About the Author: Lisa Barone is a writer, content marketer and social media strategist. She’s most known for saving brands (most often from themselves) and for her voracious tweeting. You can follow her on Twitter at @lisabarone or find her blogging about her own struggles with voice at VoiceInterrupted.com.

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  1. Lisa:

    Good thoughts today. I wonder about the oddity of the New Jersey Guide – will it last? About 20 or so years ago, there was a very popular cult show called Twin Peaks (i.e. Google and find the Wiki article). Recently they did a tribute to the show Psychic (i.e. about fake psychic detectives). But it seemed to peak about 2 years into the show.

    I agree you need a business model or plan. Once saying from the A-Team movie by Hannibal, “I love it when a plan comes together.” You can’t just twitter without a goal to make a profit.

    Randy

    • X-Files might be a better model than Twin Peaks, which petered out because David Lynch has no idea how to plot episodic television. X Files ran for nearly 9 years, not counting the movies.

    • Will it last if five other networks put out copycat shows? No, it definitely won’t. You have to watch trends to pick out what’s going to be hot in 3 months, not necessary what’s bubbling right now.

  2. Never watched Jersey Shore but I like the idea that oddities, polarization and drama get attention. I think owning your platform though is by far most important, and the examples you shared shows that.

  3. Lisa,

    A few things: (1) Props on using an analogy for a TV show I’ve avoided like the plague. But then again, something made me avoid GLEE for the first season as well. Now I’m morbidly curious about WTF is up with The Situation. Damn you. (2) Above all else, THIS is what resonated with me: ” If you’re spending an hour a day on Twitter talking to people without finding a way to bring them back to your site or direct them somewhere else to do something, you’re leaving money on the table and you’re wasting your time.”

    We’re not in business to waste time. Too many people are afraid to take a stand. Afraid to be unpopular with the right audience. Well, being in the middle of the road with your business model never got anyone anywhere (and it’s a colossal waste of time). As a matter of fact, I think the middle of the road is where we most often find roadkill. Huh. Imagine that.

    • Ha. I’ve avoided mentioning Jersey Shore myself…but Ronny’s supplement commercial kept taunting me. Er, I mean “talking” to me. Talking.

      Glad that second point worked for me. I figure it really is the basis for this whole social media thing, no? It’s not about connecting or engaging or rainbows — it’s about a different way to bring people over to your team and make them do something. All the people who log onto to social media to rant about what a waste of time it is – they’re right…assuming you’re only using social media to “talk” to customers. You should be using it to move them over to a platform you control.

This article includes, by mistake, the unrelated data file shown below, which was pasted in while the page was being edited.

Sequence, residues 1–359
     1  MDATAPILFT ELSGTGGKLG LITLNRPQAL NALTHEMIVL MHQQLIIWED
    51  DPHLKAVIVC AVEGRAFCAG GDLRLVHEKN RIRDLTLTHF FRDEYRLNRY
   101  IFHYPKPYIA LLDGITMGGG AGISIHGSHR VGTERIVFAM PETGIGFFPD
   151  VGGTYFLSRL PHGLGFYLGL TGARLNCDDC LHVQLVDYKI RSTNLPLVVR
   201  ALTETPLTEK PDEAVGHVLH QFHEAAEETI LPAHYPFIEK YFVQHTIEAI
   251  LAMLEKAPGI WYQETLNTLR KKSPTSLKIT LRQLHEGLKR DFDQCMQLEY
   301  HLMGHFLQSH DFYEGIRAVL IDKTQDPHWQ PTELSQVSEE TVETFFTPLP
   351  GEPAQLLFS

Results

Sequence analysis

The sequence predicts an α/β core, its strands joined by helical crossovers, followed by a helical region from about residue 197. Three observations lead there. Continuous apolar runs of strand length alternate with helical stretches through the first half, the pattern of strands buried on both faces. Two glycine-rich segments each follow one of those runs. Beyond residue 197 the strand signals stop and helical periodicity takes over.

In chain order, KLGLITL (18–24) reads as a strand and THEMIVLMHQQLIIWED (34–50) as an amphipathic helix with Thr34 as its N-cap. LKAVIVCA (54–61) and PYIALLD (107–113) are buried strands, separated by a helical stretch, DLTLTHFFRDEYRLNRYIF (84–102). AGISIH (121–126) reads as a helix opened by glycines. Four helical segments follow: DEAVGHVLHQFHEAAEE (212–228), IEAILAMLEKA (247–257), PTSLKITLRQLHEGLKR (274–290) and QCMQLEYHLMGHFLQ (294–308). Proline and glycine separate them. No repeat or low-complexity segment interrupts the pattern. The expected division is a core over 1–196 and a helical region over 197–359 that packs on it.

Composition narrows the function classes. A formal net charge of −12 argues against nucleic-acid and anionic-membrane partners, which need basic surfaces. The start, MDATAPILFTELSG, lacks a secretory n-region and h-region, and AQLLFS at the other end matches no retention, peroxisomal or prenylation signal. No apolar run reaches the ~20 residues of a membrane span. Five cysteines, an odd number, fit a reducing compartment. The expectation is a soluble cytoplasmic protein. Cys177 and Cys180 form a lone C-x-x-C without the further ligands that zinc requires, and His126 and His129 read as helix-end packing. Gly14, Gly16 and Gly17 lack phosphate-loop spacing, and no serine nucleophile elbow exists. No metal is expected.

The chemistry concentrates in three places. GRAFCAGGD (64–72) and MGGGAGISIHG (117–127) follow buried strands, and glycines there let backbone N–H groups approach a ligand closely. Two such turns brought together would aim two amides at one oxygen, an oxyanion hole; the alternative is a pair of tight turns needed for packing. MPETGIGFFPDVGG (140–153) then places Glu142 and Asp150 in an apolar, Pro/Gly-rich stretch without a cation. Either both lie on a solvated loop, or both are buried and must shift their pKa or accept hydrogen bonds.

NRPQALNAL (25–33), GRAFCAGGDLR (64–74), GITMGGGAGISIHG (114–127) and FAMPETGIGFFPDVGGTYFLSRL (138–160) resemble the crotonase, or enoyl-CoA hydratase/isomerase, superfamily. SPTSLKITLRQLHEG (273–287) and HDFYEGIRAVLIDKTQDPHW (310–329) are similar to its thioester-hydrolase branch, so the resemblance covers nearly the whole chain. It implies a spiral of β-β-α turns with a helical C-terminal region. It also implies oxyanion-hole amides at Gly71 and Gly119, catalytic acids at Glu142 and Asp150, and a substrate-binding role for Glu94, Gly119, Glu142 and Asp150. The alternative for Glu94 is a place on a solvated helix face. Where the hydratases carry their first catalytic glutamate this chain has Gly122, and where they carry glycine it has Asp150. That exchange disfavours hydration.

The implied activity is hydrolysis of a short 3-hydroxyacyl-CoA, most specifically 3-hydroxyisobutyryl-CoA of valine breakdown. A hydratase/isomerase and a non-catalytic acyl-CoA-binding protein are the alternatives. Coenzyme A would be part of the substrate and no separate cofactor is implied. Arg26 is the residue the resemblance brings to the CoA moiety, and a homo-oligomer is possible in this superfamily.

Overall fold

• awesome. roadkill. so NOT my goal.
      thanks for that very stark, amusing and motivating analogy!!!

  4. This brings to mind a talk I recently heard at NAMS (#NAMS on Twitter) given by successful Internet Marketer named Kevin Reilly who showed how important branding is. He made the point that Lady Gaga is probably not the best singer out there, but she made a name for herself by dressing outrageously to attract attention. While I am not a fan of her, it teaches a good lesson in successful marketing.

    • There’s definitely some merit to that. Because you remember Lady Gaga before you ever hear her sing or open her mouth. And you remember her because she looks like a nut ball.

      • The thing with Lady GaGa that’s different from the other wannabes is that she actually sings, plays the piano, and writes the songs. (She wrote for people like Madonna before she was a star). And what’s she’s been very clever with is combining those qualities with the outrgeously dressed persona she’s created so that she’s highly visible and highly memorable.

        I’d write a post about the lessons of Lady GaGa for content marketers – but Michael Martine already wrote one on remarkablogger. You should go check it out – it’s a good post.

        Paul

  5. Ha! It was several paragraphs in before I realized you were talking about a TV show.

    When I first started I had to decide how I wanted to make my mark. I wanted to be edgy and hip, but then I looked in the mirror and concluded that would never work.

    Branding oneself is an interesting journey.

    I came to the conclusion that at the end of the day, most people put their money into Reliable and Responsible, regardless of the excitement they may crave. That is the arena where I have been most successful.

    People want drama when it comes to discretionary income.

    My forays into creating “persona” always fall back to the mean, as it takes a lot more work to maintain an image than to maintain the truth. The real me always has a way of slipping out.

    I will have to resign myself to the fact that I’ll never be a Snooki or that other guy with the weird name.

    These are interesting ideas, which I have contemplated in the past, and will undoubtedly contemplate again.

    And I’m guessing that being on a regular TV show would surely help in that regard ;-) (I’m sitting by the phone…)

    Thanks for a fun article, Lisa.